Safety Belt Reminder Light

When the key is turned to RUN or START, a chime will come on for about eight seconds to remind people to fasten their safety belts, unless the driver's safety belt is already buckled.

The safety belt light will also come on and stay on for about 20 seconds, then it will flash for about 55 seconds. If the driver's belt is already buckled, neither the chime nor the light will come on.

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Air Bag Readiness Light

There is an air bag readiness light on the instrument panel, which shows the air bag symbol. The system checks the air bag's electrical system for malfunctions. The light tells you if there is an electrical problem. The system check includes the air bag sensors, the air bag modules, the wiring, the passenger air bag suppression circuit and the crash sensing and diagnostic module. For more information on the air bag system, see ªAir Bagº in the Index.

This light will come on when you start your engine, and it will flash for a few seconds. Then the light should go out. This means the system is ready.

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If the air bag readiness light stays on after you start the engine or comes on when you are driving, your air bag system may not work properly. Have your vehicle serviced right away.

The air bag readiness light should flash for a few seconds when you turn the ignition key to RUN. If the light doesn't come on then, have it fixed so it will be ready to warn you if there is a problem.

AIR BAG OFF Light

When you turn the right front passenger's air bag off, this light will come on and stay on to remind you that the air bag has been turned off. This light will go off when you turn the air bag back on again. See ªAIR BAG OFF Switchº in the Index for more on this, including important safety information.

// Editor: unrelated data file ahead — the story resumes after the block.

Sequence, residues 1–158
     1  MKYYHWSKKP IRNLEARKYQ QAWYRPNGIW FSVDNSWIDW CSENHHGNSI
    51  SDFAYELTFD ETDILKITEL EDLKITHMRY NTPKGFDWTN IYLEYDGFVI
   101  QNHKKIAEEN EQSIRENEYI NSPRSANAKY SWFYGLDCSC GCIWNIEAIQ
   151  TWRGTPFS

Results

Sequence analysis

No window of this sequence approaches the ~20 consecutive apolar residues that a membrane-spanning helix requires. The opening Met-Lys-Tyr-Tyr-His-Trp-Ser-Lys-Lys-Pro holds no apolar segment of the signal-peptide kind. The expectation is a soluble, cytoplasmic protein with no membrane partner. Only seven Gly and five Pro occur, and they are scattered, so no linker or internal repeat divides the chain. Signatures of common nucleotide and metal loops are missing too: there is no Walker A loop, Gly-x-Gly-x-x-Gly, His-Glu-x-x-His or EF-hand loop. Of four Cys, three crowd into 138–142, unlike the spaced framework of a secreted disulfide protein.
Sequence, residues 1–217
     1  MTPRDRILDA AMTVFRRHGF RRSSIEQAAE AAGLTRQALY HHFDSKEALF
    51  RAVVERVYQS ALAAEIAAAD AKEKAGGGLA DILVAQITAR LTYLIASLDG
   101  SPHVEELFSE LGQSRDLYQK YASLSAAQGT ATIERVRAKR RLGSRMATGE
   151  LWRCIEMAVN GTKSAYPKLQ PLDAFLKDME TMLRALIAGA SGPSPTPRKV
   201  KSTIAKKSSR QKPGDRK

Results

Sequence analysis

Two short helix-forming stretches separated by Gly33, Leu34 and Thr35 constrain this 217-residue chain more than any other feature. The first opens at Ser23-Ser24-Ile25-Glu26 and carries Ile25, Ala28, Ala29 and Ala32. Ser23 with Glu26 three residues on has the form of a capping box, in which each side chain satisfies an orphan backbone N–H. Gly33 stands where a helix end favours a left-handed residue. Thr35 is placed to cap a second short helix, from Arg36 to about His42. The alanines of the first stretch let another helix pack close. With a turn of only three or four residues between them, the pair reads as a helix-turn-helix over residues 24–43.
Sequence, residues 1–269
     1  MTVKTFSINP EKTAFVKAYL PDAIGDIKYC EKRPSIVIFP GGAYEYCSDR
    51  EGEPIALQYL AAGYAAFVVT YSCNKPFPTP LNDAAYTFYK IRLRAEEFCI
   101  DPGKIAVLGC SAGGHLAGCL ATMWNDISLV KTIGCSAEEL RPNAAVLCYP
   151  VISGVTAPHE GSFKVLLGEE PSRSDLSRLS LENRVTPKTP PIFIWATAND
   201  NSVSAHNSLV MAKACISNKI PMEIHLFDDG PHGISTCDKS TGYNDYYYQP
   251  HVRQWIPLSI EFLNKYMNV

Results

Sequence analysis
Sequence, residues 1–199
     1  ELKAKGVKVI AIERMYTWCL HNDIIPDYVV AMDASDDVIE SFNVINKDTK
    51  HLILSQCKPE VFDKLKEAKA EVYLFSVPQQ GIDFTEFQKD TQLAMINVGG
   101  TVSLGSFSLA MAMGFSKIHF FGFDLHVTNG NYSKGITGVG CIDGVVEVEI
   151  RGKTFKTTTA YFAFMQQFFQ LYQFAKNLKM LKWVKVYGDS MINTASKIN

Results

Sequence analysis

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CAUTION:

If the right front passenger's air bag is turned off for a person who isn't in a risk group identified by the national government, that person won't

CAUTION: (Continued)

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CAUTION: (Continued)

have the extra protection of an air bag. In a crash, the air bag wouldn't be able to inflate and help protect the person sitting there.

Your vehicle has an energy-absorbingsafety belt for the right front passenger. This belt is designed to work with the air bag to provide restraint in some collisions by partially ªgivingº or yielding after first restraining the occupant's motion. In a crash, if the right front passenger's air bag is turned off, it wouldn't be able to inflate and help provide this restraint for the person sitting there. The larger the occupant, and the more severe the crash, the greater the risk becomes.

Don't turn off the passenger's air bag unless the person sitting there is in a risk group identified by the national government. See ªAIR BAG OFF Switchº in the Index for more on this, including important safety information.

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CAUTION:

If the air bag readiness light ever comes on when you have turned off the air bag, it means that something may be wrong with the air bag system. The right front passenger's air bag could inflate even though the switch is off. If this ever happens, don't let anyone whom the national government has identified as a member of a passenger air bag risk group sit in the right front passenger's position (for example, don't secure a rear-facingchild restraint in your vehicle) until you have your vehicle serviced.

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Charging System Indicator Light

The charging system light will come on briefly when you turn on the ignition, but the engine is not running, as a check to show you it

is working.

It should go out once the engine is running. If it stays on, or comes on while you are driving, you may have a problem with the charging system. It could indicate that you have problems with a generator drive belt, or another electrical problem. Have it checked right away. Driving while this light is on could drain your battery.